Charleston, S.C., Port Still Waiting on 25 Percent of Security Dollars

Money would be used for intrusion detection, perimeter security


CHARLESTON, S.C. (AP) - The State Ports Authority in Charleston has not received about $2.6 million of the $10 million it requested from the federal government for security projects, spokesman Byron Miller says.

The money already obtained has paid for a number of initiatives, but the Ports Authority also needs money for fencing, lighting, intrusion-detection devices and other security measures, Miller said.

"You have to look at the port as a gateway to the rest of the country,'' Charleston County Sheriff Cannon said. ``I don't know that funding for the ports has received the attention it deserves.''

The authority thinks money for the upgrades could come from customs duties earmarked for port security, Miller said.

"Unless there is some new federal funding source, I don't think anyone in the industry sees funding dramatically increasing,'' Miller said.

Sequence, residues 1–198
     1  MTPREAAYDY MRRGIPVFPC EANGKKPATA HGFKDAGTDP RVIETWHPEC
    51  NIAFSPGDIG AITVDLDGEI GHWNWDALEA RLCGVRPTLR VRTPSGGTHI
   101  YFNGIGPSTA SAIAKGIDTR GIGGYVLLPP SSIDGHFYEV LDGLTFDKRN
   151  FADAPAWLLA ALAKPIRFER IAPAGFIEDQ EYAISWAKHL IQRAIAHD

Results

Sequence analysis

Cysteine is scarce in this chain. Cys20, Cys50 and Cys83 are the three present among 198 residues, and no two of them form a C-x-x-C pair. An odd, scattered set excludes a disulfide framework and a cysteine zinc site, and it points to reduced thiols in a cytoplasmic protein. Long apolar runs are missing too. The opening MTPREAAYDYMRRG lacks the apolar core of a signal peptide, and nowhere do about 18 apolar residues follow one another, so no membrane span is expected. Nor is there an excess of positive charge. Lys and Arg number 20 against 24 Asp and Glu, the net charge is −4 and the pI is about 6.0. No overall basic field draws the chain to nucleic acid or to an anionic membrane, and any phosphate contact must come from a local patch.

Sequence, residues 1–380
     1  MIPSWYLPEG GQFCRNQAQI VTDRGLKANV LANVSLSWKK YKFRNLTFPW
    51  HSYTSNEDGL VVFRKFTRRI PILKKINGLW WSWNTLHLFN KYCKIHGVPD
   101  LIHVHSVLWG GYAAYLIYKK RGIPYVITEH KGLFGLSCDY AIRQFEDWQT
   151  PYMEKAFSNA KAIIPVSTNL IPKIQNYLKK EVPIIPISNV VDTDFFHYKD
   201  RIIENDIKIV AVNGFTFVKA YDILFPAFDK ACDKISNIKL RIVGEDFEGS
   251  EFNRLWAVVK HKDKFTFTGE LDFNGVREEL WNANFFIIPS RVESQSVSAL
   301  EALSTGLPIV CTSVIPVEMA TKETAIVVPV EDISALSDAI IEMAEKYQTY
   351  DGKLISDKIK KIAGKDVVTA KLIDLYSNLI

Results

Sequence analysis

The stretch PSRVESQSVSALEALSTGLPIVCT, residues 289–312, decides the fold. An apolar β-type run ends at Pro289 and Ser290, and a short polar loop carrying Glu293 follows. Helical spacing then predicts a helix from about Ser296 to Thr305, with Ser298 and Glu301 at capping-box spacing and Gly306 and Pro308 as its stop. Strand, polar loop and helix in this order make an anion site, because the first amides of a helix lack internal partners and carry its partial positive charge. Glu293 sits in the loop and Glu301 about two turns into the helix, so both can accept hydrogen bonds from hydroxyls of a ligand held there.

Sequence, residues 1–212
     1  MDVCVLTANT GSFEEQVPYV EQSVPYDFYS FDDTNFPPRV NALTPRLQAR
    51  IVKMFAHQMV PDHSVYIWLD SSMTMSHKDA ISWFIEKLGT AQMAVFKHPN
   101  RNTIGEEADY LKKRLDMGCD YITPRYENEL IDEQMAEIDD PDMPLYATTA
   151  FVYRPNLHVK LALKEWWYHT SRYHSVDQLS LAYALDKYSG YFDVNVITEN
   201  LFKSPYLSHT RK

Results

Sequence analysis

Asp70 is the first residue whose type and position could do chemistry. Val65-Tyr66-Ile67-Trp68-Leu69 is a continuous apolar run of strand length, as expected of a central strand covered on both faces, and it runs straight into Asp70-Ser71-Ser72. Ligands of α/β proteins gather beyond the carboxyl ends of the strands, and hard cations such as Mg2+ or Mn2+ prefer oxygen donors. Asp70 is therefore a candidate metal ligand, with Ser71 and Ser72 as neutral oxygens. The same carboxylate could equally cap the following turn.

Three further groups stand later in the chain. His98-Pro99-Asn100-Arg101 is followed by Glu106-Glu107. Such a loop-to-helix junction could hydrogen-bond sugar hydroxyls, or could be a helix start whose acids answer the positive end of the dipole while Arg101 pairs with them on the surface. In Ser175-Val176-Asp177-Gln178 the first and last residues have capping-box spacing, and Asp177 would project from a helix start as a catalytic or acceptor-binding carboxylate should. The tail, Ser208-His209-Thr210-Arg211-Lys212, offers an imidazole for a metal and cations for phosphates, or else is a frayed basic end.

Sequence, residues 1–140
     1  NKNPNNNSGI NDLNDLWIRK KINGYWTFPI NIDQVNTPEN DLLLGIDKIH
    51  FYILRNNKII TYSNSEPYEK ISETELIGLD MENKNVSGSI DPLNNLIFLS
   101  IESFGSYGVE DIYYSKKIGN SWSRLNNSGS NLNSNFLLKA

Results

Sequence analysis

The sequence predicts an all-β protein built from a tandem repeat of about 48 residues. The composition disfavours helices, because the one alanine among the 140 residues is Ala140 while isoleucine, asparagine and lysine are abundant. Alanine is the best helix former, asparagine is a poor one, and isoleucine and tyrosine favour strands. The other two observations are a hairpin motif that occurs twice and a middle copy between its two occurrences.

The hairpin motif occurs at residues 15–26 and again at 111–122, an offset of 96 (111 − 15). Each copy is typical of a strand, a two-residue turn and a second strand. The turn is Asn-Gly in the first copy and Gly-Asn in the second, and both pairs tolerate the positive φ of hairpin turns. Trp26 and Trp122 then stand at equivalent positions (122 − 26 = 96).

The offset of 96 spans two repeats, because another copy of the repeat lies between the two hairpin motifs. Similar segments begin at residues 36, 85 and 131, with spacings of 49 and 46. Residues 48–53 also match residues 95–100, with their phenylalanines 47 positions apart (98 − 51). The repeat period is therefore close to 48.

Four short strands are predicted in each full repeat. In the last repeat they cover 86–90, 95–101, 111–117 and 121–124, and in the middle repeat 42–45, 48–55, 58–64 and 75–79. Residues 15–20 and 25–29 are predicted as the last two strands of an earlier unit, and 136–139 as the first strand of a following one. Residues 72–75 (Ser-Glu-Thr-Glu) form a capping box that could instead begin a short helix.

Charleston is the fourth-largest container port in the country, but that hasn't translated into more money from the Department of Homeland Security.

South Carolina ranked 41st in the county in per-capita funding from the federal agency in the 2005 fiscal year, getting an average of $6.41 per person, according to figures compiled by the Congressional Research Service.

Wyoming, Alaska, North Dakota and Vermont lead the way, with Wyoming, the state with the fewest people, receiving $27.80 for every resident. Virginia is last with $5.23 per capita, just behind North Carolina at $5.61.

Cannon points out that the states getting the most money are among those with the smallest populations.

In raw numbers, South Carolina will get $26 million from the Department of Homeland Security in 2005, while Wyoming will get only $13.9 million.